MANILA, Philippines – By 2019, the Light Rail Transit Line 2 (LRT2) will run from Masinag in Antipolo City all the way to Pier 4 area in Manila City, catering to more than 315,000 passengers daily.
Currently, the youngest of the 3 main elevated railways in Metro Manila has a design capacity of 240,000 passengers daily and only runs from Santolan, Pasig City, to Recto, Manila.
The LRT2 operates with 18 train sets, but only 12 of those are functional. Due to inadequate train sets, the government is under fire for technical glitches and long queue lines.
It is during rush hour – mornings when passengers travel to work and early evenings when they return home – that riding the LRT2, along with other elevated railways, becomes a suffering, with passengers packed in a train like sardines after waiting for long hours.
Solutions: East and west extensions
But for the LRT Authority (LRTA), the P9.5-billion ($211.12 million) LRT2 East extension and P10.12-billion ($224.92 million) LRT2 West extension deals will address the concerns of its commuters.
“The east and west extensions of LRT2 will address the need to increase the design capacity as we can’t control the number of passengers using the train,” LRTA chief Honorito Chaneco told reporters.
“This will also help address the traffic gridlock in Metro Manila,” he added.
From Santolan to Masinag
On Tuesday, June 9, the construction for the eastward extension for LRT2 started with a groundbreaking ceremony.
DMCI Holdings Incorporated of construction magnate Isidro Consunji bagged the deal to build a 3.9-kilometer elevated guideway for the LRT2 East extension from its current end-station in Santolan to Masinag, with a winning bid of P2.27 billion ($50.45 million).
DMCI has 18 months to complete civil works for the elevated guideway or viaduct.
The LRT2 East extension will be operational by the 3rd quarter of 2017, and is expected to cater daily to an additional 75,000 passengers from the densely populated areas of Rizal.
“With [the extension’s] completion, residents of Rizal will be able to enjoy the experience of a full, comfortable eastbound travel as we bring schools, workplaces, and other amenities closer to their homes,” Tranportation Undersecretary Julianito Bucayan Jr said in his speech during the groundbreaking ceremony.
Two additional stations will be built by DMCI: Emerald Station in Cainta and Masinag Station at the Masinag Junction in Antipolo.
From Recto to Pier 4
For the west side of LRT2, the government is targeting to bid out the the design and construction of its West extension, which will run from Recto Station to Pier 4, including the turn-back track.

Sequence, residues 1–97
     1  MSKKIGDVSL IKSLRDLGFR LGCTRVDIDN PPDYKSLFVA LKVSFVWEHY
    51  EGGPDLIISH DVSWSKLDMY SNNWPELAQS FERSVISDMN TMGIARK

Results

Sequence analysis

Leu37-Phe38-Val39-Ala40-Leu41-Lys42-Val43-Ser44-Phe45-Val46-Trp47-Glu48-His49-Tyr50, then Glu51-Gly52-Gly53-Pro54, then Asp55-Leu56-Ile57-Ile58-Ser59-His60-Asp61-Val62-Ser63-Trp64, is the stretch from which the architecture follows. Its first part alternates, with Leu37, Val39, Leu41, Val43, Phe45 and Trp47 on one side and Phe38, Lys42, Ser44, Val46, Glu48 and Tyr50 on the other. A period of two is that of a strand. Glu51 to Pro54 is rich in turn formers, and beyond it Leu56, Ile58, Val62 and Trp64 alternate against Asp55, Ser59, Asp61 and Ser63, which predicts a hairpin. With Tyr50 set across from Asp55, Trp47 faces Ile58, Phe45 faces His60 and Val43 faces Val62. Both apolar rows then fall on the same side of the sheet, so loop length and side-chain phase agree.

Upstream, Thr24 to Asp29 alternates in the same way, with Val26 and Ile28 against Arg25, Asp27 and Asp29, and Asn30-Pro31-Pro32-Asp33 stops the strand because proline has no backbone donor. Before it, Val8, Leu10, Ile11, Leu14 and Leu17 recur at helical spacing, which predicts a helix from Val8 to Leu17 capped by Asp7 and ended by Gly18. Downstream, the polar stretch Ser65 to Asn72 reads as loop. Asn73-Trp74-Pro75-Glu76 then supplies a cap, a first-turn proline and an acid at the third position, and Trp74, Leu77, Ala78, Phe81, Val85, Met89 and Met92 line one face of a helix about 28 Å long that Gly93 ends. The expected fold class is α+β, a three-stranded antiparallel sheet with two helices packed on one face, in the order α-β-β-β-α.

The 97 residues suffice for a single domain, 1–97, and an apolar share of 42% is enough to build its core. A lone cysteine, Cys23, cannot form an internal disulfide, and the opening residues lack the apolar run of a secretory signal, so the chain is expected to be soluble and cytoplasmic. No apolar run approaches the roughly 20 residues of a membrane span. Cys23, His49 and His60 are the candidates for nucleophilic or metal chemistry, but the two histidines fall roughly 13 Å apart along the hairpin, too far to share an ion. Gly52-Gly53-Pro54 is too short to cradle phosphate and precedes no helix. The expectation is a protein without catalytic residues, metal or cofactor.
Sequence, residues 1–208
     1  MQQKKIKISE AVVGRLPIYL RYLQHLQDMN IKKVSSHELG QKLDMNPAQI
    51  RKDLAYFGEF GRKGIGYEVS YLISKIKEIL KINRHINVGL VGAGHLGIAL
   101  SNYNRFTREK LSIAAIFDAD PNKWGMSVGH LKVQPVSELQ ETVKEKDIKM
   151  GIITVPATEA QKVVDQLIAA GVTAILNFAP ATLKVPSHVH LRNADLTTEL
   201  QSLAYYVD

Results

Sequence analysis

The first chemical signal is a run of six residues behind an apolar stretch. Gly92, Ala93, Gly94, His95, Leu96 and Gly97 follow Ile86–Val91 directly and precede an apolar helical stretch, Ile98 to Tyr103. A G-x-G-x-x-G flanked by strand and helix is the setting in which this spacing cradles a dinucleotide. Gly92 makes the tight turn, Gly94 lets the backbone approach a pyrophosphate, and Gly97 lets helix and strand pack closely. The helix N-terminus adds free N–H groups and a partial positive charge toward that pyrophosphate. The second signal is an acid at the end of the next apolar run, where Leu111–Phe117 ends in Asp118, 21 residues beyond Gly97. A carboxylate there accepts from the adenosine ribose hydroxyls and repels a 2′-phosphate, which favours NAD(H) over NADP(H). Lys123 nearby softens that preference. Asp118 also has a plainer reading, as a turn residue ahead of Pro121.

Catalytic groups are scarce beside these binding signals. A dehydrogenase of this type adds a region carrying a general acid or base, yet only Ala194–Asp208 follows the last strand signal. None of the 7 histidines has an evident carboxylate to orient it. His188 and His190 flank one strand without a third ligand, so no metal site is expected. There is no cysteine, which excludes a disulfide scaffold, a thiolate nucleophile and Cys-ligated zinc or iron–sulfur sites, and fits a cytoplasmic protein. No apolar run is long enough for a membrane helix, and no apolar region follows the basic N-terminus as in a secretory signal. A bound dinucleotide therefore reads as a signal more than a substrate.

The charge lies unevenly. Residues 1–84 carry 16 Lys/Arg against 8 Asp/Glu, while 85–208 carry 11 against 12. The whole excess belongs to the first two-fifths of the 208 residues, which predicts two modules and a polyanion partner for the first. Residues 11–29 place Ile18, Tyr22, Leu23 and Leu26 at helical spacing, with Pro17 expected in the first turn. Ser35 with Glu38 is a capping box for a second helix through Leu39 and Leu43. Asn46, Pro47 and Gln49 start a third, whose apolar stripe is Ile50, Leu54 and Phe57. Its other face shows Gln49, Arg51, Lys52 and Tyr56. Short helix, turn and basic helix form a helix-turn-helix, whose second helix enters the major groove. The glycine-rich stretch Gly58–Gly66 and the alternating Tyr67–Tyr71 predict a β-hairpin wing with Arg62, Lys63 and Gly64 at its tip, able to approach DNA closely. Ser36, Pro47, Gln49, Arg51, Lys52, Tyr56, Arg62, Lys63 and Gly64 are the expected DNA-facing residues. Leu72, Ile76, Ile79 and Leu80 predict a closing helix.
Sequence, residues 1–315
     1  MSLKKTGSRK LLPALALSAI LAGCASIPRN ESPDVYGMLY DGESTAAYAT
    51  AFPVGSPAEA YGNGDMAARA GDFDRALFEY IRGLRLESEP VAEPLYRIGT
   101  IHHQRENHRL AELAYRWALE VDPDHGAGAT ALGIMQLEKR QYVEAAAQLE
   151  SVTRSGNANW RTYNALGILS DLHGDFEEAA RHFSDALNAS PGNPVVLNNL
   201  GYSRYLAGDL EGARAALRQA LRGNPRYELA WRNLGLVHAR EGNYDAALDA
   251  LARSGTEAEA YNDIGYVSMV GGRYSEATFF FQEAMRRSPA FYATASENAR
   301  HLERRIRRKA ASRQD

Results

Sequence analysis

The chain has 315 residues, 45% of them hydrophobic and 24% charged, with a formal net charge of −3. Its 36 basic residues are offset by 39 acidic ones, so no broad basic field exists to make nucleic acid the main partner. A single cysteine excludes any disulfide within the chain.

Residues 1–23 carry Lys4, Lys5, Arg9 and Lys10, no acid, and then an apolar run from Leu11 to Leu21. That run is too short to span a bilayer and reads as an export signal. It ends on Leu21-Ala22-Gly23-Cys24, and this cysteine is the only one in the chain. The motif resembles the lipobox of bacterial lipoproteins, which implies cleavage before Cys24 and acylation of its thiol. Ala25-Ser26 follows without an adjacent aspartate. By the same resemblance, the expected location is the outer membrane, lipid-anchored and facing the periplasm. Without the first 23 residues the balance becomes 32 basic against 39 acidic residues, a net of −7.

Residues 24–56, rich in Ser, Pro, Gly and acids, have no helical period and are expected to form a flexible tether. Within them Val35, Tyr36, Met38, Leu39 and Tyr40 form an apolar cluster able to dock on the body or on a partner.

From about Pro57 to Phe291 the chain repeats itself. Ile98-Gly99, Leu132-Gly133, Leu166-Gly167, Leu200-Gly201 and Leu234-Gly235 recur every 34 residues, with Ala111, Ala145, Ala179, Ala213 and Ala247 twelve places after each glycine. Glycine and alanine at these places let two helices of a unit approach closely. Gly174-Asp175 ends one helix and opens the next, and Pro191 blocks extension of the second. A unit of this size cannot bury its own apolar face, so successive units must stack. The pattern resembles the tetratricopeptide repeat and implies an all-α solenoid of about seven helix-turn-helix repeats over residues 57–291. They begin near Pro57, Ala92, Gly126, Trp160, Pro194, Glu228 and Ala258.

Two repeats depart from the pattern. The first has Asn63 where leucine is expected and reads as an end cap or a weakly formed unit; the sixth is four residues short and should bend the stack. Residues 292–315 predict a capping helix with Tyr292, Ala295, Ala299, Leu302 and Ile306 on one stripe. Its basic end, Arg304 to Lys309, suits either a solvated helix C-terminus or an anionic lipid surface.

The project will have a total length of approximately 3.02 kilometers and with 3 proposed additional stations that includes Tutuban (next to the Cluster Mall); Divisoria (west of the Recto Avenue and Asuncion Street intersection); and Pier 4 (located 50 meters north of Zaragoza Street).
“We will work on the DED (detailed engineering design) first so we can bid out the civil works in the first quarter of 2016. Construction will take 3.5 years so completion [is targeted] in 2019,” transportation spokesperson Michael Arthur Sagcal said in a text message.
The National Economic and Development Authority Board in May approved the project of the transportation department.
“We have just secured approval to proceed with the project and once this is completed, travel from East to West of Metro Manila and vice versa will be easier,” Transportation Secretary Joseph Emilio Abaya said.
DMCI wants all extensions
After bagging the LRT2 East Extension deal, DMCI wants to take it all and also build the elevated railway’s West extension.
DMCI senior vice president Luis Pastor said his company is planning to participate in the bidding of the P10.12-billion ($224.92 million) LRT2 deal, which is set in the first quarter of 2016.
“We will join as long as it is competitive,” Pastor said.
DMCI president and CEO Isidro Consunji said that “other than the O&M (operations and maintenance) and East (extension), we’ll also look at the West (Extension).”
The government is also bidding out the O&M of the existing LRT2 under a public-private partnership scheme.
Four investor groups, including DMCI, have sought qualification to bid for a contract to operate and maintain the LRT2, the transportation department said.
- Aboitiz Equity Ventures Incorporated-SMRT International Private Limited Consortium
- DM Consunji Incorporated-Tokyo Metro Company Limited Consortium
- Light Rail Manila 2 Consortium (led by LRM Holdings, Incorporated of Metro Pacific Investments Corporation and Ayala Corporation; RATP Transdev Group, and RATP Development);
- San Miguel Corporation-Korea Railroad Corporation Consortium